BRUSSELS -- A German politician is trying to prevent the opening session of the European Parliament from being overseen by a man accused of minimizing the Holocaust.
Martin Schulz, a member of the European Parliament, has asked that the European Union's internal rules be changed to prevent to Jean-Marie Le Pen, the leader of France's far-right National Front who has described Auschwitz as a "detail of history," from opening the session this summer, the EU Observer reported Wednesday.
Under the rules, the oldest member of the European Parliament opens the inaugural session of the new legislature, scheduled for July 14 in Brussels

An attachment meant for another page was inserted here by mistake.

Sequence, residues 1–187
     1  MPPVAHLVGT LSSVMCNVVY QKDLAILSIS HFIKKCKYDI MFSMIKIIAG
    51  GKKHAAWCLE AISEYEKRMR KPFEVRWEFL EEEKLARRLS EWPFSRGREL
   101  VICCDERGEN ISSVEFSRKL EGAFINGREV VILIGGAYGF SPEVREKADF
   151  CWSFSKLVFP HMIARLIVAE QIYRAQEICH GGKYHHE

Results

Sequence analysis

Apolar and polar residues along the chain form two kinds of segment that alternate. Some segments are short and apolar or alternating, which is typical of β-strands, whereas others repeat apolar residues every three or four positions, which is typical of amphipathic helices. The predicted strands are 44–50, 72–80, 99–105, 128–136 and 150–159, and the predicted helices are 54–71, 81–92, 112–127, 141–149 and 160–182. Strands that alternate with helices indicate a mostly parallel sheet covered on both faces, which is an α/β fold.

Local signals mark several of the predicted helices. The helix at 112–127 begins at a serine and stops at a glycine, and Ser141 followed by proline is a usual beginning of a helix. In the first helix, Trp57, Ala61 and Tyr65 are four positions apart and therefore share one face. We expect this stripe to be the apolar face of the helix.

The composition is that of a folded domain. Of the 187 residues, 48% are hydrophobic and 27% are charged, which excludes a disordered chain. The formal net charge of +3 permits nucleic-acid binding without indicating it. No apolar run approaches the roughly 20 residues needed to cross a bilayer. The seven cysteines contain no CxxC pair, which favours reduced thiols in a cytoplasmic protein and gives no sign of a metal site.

"It is not imperative that the oldest MEP presides over the inaugural session," Schultz said, suggesting the situation would be "unacceptable."
Le Pen, an EP member since 1984, will celebrate his 81st birthday after the June European elections, in which he is expected to be re-elected, the EU Observer said.
Under the parliament's rules, changes must first be passed by the constitutional affairs committee, then by a majority of its members.
Le Pen called the situation "imbecilic."
"This is just a hypothesis, perhaps I will not be (re-elected)," he told a French media outlet. "I think they are scared of me. I am still demonized."
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